Behind the “Peace” Movement


Before the war on Iraq began, demonstrations around the world amassed between 6 and 11 million people in 600 cities, from Canberra, Australia, to Reykjavik, Iceland. Even in London, 1.5 million turned out to contest British Prime Minister Tony Blair’s pro-American Iraq policy. In the United States too, major protests were held across the country, even in New York City, where one would expect support for the war on terrorism to be higher than anywhere.

What motivated these groups to oppose this war? Was it truly a desire for peace?

Most protesters outside the U.S. were not protesting war per se, but American-led war. Many countries are doing all they can to limit American supremacy.

Yet, what about the protests inside the U.S. and allied countries? Many opposed the war for political reasons—simply because President Bush supported it. Others will oppose any war for moral or religious reasons.

But there are also those you may not have considered: People who opposed the war in an effort to bring down the U.S. as a capitalist nation, and those in direct support of Saddam Hussein.

According to Insight on the News, “[T]he track record of the [anti-war demonstration] leaders reveals not a principled opposition to war but a calculated commitment to undermining U.S. security and foreign policy …” (March 17). The Victorian Peace Network, for example, which organized protests in Melbourne, Australia, has a website containing dozens of articles vilifying America.

Moreover, at the heart of the international peace movement—the sponsors and organizers of the mass protests—are groups led by the same people who have defended dictators around the world.

According to the Indiana Observer, the Communist Workers World Party (wwp) organized and sponsored major anti-war demonstrations in Washington d.c. and San Francisco. The wwp was formed to back the invasion of Hungary by the Soviet Union and has supported tyrannies ever since. This party praises North Korea as the country builds its nuclear arsenal, defends the Chinese slaughter at Tiananmen Square and supports Castro (Herald Sun, April 3).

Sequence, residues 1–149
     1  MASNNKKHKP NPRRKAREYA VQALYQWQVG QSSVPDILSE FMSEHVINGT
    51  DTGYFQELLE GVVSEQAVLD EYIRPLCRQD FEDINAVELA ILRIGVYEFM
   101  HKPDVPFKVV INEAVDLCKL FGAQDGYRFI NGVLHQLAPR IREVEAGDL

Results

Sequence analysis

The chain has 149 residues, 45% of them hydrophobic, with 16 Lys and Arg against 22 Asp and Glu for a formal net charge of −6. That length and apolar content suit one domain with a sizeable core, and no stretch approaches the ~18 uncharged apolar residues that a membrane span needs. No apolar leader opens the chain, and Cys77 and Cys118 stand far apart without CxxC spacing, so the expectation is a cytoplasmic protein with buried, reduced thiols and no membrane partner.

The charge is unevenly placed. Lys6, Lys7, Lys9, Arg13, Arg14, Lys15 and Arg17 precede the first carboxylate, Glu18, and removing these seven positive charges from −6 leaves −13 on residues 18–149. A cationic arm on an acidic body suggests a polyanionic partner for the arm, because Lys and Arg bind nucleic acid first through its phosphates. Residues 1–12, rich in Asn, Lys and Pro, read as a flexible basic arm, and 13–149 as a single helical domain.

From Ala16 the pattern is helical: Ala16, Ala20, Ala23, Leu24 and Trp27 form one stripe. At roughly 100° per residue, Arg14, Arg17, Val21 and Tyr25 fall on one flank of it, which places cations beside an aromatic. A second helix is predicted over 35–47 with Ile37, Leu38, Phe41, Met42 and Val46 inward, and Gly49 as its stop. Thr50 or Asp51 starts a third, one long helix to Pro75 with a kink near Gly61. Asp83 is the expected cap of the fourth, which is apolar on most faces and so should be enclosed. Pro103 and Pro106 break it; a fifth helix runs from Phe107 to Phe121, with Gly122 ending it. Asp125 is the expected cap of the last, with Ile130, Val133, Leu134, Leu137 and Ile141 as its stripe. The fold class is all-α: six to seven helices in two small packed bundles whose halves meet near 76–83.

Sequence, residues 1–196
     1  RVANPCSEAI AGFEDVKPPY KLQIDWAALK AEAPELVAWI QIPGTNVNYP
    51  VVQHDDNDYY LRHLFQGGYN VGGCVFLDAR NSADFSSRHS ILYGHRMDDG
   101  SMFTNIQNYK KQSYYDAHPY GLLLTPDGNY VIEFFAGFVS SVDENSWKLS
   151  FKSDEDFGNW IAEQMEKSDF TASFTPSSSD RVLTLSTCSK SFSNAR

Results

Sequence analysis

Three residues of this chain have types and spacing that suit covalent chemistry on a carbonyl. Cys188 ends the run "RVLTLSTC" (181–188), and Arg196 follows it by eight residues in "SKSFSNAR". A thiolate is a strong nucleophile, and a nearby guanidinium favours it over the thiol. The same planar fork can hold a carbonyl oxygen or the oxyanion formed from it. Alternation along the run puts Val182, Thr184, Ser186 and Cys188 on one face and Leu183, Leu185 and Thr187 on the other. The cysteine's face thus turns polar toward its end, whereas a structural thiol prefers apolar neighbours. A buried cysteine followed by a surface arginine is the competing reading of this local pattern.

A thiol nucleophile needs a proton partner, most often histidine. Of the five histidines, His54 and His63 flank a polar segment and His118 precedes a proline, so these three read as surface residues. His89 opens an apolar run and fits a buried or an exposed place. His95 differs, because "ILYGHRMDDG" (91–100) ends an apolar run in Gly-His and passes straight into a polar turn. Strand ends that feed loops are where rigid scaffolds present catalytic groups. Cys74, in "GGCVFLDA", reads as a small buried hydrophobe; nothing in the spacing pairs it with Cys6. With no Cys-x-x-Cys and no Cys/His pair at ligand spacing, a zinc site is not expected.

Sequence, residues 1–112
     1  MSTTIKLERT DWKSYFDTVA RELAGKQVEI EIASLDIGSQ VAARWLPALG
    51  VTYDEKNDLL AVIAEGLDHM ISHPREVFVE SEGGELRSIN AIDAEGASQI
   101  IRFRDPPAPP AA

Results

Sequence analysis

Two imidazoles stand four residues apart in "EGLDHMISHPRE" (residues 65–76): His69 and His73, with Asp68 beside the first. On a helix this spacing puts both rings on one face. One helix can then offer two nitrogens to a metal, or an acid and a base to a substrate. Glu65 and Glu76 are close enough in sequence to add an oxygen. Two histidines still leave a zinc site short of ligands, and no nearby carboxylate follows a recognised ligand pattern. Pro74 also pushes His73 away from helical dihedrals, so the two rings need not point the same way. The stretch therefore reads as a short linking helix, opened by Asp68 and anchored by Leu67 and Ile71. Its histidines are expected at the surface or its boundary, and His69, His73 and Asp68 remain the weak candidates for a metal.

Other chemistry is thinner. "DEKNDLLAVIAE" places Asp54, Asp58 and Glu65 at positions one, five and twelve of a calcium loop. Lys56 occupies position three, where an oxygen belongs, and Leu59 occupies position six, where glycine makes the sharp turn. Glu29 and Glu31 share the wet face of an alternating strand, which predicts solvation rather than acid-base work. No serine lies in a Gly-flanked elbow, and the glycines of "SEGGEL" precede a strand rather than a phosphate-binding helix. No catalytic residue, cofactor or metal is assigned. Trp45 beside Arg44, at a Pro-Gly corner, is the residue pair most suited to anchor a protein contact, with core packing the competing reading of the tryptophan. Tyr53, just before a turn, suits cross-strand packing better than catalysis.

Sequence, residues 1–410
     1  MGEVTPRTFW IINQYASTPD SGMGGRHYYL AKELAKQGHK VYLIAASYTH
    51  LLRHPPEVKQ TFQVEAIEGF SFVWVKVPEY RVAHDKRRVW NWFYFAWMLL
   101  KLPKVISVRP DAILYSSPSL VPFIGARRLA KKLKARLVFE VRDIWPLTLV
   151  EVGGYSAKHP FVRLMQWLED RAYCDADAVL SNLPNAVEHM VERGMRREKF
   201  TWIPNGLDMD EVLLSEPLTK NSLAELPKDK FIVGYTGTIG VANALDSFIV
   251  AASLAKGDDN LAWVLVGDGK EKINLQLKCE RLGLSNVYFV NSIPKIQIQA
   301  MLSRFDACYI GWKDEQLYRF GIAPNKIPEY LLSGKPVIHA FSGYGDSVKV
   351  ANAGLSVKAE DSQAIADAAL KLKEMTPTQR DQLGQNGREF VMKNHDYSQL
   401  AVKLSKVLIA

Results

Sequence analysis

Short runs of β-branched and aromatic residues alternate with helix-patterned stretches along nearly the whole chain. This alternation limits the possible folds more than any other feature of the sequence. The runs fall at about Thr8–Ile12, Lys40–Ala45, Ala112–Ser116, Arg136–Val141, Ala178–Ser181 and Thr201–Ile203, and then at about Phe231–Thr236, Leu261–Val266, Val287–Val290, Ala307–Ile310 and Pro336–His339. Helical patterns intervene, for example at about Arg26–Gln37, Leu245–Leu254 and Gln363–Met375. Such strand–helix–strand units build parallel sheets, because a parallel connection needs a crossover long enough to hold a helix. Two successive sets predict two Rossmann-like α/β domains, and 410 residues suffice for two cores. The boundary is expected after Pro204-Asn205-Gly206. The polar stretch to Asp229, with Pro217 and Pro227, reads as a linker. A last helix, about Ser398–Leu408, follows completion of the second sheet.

Some anti-war groups, including the international answer (Act Now to Stop War and End Racism), which is controlled by the wwp, will not divulge the source of their funding.

Another popular antiwar group is Not in Our Name, which Fox News says is financed by the Interreligious Foundation for Community Organization. The ifco “supports Cuban dictator Fidel Castro and once sponsored a group headed by Sami Al-Arian—the University of South Florida professor being charged with fundraising for terrorist organizations Hamas and Palestinian Islamic Jihad” (March 18).

Why would Communists have been against the Iraq war? Ideologically speaking, some opposed the war because they support political and social upheaval. But even more shockingly, some actually supported Saddam Hussein’s rulership simply because Iraq was an entirely government-run state, and therefore, to their minds, socialist.

Whether intentional or not, the masses of protesters were backing, largely, organizations that would like nothing better than to destroy Anglo-American democracy. They protested not because they sought peace, but to advance their own agenda.